Monuments and Storms

A Tale of Time and Speech

by Michael Robertson

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8,000 words
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Benjamin Franklin accidentally transports himself, George Washington, and Thomas Jefferson to a college campus in the year 2021.

Story Elements

Ratings Factors

Language: No profanity or censor words
Sexual Content: Sexual acts implied but not described
Target Audience Age/Stage of Life: Everyone (no target age)
Violence: None


Geography: Philadelphia
Realism: World is similar to ours, but plot elements involve fantasy or magic
Setting Type: Fantasy
Time Period: 1700 - 1799

Main Character

Age: Other or N/A
Gender: Other or N/A
Race: Irrelevant
Religion: Irrelevant
Sexual Preference: Irrelevant or N/A

Styles & Themes

Humor: Dark humor
Inspires Reader to Feel: N/A or None of the above
Mysteries & Puzzles: Significant mystery(ies) are core to driving the story
Pacing: Moves quickly
Physical Action: Minor and occasional action
Political/Social Commentary: Story is intended as metaphor for social or political theme(s)
Romance: Major romance, essential to story
Genre Fantasy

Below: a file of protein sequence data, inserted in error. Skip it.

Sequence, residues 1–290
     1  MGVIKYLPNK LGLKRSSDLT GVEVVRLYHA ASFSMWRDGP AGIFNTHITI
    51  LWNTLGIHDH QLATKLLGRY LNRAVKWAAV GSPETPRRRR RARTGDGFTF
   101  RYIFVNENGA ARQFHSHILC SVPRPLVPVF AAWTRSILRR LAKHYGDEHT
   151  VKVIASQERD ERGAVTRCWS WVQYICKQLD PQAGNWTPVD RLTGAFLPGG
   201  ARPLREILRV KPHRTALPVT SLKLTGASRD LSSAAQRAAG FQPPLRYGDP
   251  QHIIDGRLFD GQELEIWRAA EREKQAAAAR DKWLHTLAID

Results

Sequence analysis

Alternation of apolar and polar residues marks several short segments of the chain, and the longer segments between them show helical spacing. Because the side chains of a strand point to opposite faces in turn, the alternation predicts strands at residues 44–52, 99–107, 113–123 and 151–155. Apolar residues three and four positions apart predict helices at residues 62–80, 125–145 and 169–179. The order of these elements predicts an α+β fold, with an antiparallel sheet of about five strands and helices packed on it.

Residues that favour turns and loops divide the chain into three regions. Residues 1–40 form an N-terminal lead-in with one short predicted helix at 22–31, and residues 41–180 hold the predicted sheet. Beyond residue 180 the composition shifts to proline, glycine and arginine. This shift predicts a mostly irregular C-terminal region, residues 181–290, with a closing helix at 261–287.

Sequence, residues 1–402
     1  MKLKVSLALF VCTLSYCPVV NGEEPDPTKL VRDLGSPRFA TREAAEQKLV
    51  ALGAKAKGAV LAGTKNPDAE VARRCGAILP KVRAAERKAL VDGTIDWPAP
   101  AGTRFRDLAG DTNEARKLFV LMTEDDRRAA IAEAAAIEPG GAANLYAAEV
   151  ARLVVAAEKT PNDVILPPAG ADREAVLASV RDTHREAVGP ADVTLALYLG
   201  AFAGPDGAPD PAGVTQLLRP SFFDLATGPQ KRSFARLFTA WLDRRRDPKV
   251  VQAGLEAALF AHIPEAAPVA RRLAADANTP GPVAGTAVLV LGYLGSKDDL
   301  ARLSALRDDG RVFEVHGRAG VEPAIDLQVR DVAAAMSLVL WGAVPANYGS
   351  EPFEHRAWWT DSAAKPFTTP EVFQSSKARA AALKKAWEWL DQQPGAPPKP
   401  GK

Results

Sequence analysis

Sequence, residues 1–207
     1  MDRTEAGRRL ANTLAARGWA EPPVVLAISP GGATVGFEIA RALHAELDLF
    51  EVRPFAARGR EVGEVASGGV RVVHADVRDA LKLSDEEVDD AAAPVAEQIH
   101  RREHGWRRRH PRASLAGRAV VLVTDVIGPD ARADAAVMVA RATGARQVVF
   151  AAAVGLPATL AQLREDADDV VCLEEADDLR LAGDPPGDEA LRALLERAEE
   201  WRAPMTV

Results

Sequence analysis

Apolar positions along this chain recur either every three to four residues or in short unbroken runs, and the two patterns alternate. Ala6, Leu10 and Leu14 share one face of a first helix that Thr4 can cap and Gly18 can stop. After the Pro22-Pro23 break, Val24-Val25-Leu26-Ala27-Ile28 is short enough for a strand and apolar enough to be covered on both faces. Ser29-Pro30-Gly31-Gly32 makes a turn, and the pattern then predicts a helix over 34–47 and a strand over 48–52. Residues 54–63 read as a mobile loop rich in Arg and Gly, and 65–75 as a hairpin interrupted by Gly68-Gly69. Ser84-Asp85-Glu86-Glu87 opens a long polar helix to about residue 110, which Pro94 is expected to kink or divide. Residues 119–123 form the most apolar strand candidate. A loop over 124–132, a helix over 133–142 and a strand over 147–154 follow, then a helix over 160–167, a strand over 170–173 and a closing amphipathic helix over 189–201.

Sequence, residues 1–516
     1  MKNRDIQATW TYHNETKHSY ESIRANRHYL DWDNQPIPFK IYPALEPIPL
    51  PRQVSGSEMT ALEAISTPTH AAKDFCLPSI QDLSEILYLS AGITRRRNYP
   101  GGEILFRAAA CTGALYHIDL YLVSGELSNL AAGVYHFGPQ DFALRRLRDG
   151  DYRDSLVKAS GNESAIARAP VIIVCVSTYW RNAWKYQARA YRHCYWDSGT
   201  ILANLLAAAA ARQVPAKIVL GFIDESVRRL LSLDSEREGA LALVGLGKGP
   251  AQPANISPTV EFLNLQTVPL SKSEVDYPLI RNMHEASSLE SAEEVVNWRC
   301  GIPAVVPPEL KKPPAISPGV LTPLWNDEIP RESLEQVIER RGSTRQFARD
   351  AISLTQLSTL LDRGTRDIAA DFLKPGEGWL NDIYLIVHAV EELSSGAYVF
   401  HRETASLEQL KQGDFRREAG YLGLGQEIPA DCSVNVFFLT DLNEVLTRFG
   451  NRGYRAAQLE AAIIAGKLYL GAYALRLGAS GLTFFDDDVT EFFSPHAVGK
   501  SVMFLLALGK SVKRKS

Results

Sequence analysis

• World is similar to ours, but plot elements include magic
  • Fantasy world with low or no magic
  • Fantasy world where magic is prevalent
Setting Type:
  • Fantasy
Time Period:
  • N/A (Fantasy Setting)


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About the author

Michael Robertson

Michael Robertson is the author of The Baker Street Letters series, published by St. Martin's Press: "Agatha Christie fans will revel in Robertson’s fifth novel [The Baker Street Jurors] featuring London solicitor Nigel Heath (after 2014’s Moriarty Returns a Letter). . . . This is Robertson’s best work yet, a classic fair play whodunit leavened with humor." Publishers Weekly, starred review "Sherlock Holmes isn't back, but Dr. Moriarty is, sort of, in this delightful romp [The Brothers of Baker Street] that offers more tension and suspense than a dozen fat thrillers with bloody knives on the cover. It still manages to be funny, rather in the Kingsley Amis manner. . . . The last third of the novel, with its murder-and-chase scene, is one of the finest, scariest sequences in current crime fiction. . . . For anglophiles, crime-o-philes, and all fans of wonderful writing." -- From Booklist (Starred Review) The Brothers of Baker Street is available as an audio book, published by Blackstone Audio.